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TRAINING AND DEVELOPMENT /

PERFORMANCE MANAGEMENT
TRAINING AND DEVELOPMENT

Refers to organized learning Training focuses on learning the


activities in the organization to necessary skills required to perform
improve performance and/or a job.
personal growth for the purpose of
Development focuses on the
improving the job, the employee and
preparation needed for future jobs
the organization.
or jobs that an individual may
potentially hold in the future, and is
evaluated against those jobs.
TYPICAL REASONS FOR EMPLOYEE
TRAINING AND DEVELOPMENT
1. When a performance appraisal indicates performance improvement is needed.
2. To “benchmark” the status of improvement so far in a performance
improvement effort.
3. As part of an overall professional development program.
4. As part of succession planning to help an employee eligible for a planned
change in role in the organization.
5. To “pilot” or test the operation of a new performance management system.
6. To train about a specific topic such as computer skills, quality assurance,
communications, supervisory, customer service, human relations, how to handle
a grievance and discipline, labor relations, safety, negotiations, and many others.
SPECIFIC BENEFITS FROM MEMPLOYEE
TRAINING AND DEVELOPMENT
1. Increased job satisfaction and morale
2. Increased employee motivation
3. Increased effectiveness in processes, resulting in financial gain
4. Increased capacity to adopt to new technologies and methods
5. Increased innovation in strategies and products
6. Reduced employee turnover
7. Enhanced company image
8. Improved risk management and ethical behavior in business
THE FOUR-STAGE TRAINING CYCLE
 STAGE ONE: Training Needs Analysis
The TNA will provide a systematic assessment of the organization, the task,
and the employee.

Organization
Task Analysis Person Analysis
Analysis

What are strategies/ In what do they need Who needs training?


goals? training?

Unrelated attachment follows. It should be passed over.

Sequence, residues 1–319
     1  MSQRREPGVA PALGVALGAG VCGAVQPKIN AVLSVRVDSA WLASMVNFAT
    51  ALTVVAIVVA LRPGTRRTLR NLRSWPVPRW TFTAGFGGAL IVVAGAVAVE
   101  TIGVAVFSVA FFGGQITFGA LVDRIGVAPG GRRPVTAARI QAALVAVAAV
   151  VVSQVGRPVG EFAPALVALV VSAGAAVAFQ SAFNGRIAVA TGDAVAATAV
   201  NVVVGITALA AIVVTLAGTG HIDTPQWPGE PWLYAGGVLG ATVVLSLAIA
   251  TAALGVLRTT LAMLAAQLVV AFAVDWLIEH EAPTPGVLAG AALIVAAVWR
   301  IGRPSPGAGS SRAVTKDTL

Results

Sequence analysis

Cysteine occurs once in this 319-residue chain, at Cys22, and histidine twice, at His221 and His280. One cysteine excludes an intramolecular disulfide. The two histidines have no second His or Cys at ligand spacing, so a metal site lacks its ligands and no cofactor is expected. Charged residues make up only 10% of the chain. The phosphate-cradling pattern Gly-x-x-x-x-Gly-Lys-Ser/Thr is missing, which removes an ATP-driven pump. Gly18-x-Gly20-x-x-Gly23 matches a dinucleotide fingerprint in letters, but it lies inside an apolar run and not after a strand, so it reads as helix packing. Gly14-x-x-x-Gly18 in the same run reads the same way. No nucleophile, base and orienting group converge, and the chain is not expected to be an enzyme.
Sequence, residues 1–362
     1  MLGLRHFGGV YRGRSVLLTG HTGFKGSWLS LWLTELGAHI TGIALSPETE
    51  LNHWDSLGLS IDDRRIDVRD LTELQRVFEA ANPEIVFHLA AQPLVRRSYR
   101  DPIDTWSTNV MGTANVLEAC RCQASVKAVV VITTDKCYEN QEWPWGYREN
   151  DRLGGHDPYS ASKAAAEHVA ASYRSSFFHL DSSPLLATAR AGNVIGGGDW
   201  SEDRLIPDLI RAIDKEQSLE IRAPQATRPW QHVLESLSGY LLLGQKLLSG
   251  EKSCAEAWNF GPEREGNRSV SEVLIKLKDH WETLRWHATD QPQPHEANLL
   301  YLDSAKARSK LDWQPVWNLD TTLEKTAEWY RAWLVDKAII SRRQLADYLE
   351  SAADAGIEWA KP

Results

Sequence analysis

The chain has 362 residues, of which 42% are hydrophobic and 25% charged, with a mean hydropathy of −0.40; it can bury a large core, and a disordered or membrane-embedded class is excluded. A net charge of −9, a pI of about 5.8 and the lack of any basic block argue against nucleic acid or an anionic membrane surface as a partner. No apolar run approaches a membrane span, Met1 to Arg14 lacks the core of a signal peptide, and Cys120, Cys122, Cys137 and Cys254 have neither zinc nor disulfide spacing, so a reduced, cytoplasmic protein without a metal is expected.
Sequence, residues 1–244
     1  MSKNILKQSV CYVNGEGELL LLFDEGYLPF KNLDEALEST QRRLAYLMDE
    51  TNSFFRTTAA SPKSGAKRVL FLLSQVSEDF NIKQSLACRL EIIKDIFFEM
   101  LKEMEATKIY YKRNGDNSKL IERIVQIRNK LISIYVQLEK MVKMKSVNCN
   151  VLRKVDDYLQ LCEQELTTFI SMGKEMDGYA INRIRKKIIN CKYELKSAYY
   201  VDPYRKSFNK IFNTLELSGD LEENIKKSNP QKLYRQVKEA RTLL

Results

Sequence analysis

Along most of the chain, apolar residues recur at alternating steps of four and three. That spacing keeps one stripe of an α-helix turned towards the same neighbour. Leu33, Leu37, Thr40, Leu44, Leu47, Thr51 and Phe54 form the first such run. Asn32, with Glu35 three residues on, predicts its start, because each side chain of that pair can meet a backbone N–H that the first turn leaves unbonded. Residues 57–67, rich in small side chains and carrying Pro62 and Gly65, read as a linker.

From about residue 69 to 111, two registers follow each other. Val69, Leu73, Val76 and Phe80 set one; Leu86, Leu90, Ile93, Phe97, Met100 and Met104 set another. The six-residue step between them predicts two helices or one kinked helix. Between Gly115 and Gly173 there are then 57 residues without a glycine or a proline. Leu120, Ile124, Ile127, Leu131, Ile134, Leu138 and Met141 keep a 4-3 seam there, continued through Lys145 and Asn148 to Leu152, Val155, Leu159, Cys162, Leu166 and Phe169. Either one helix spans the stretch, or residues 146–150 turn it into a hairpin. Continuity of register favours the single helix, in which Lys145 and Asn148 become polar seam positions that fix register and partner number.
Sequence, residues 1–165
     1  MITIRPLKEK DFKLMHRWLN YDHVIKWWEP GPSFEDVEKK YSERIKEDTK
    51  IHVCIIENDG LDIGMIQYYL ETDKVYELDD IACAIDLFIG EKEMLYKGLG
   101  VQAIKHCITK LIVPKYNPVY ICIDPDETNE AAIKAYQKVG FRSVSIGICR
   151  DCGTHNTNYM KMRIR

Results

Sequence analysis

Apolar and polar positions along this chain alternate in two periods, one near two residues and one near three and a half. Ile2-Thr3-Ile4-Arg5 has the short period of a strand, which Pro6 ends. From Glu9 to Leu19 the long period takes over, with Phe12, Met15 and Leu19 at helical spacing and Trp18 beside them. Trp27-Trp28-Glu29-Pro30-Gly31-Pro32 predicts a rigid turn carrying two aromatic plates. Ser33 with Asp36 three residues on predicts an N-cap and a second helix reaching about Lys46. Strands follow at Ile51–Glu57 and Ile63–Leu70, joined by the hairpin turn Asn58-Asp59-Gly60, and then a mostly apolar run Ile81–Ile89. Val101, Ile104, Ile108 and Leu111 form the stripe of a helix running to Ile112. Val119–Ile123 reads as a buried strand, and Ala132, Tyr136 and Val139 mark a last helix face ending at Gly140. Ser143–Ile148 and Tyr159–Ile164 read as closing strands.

Reasons for training: Outcomes:
• Lack of basic skills • Who receives training
• Poor performance • What trainees need to
• New technology learn
• Customer Problems • Types of training
• New Products • Frequency of training
• Higher performance • Buy of develop training
standards decisions
• New/restructured jobs • Training methodology
THE FOUR-STAGE TRAINING CYCLE

Organization Analysis - The process of reviewing the development, work


environment, personnel and operation of a business or another type of
association. Performing a periodic detailed organizational analysis of a
company can be a useful way for management to identify problems or
inefficiencies that have arisen, but have not yet been addressed, and then
develop strategies for dealing with them.
Task Analysis – This activity involves identifying the important tasks and job-
related Knowledge, Skills and Attributes (KSA) that need to be emphasized in
training for employees to complete their tasks.
Person Analysis – Identifies gaps between skills and competency required of
the job and the actual skills and competencies possessed by the employees.
THE FOUR-STAGE TRAINING CYCLE

Other Issues on Training Needs Assessment


Ensuring Employees’ Readiness for Training – Readiness for training means
personal characteristic – such as ability, attitudes, beliefs and motivation.
Creating a Learning Environment – Managers play a pivotal role in creating a
learning environment. They must communicate to employees the benefits of
training.
Ensuring Transfer of Training – Transfer of learning is the proof that training was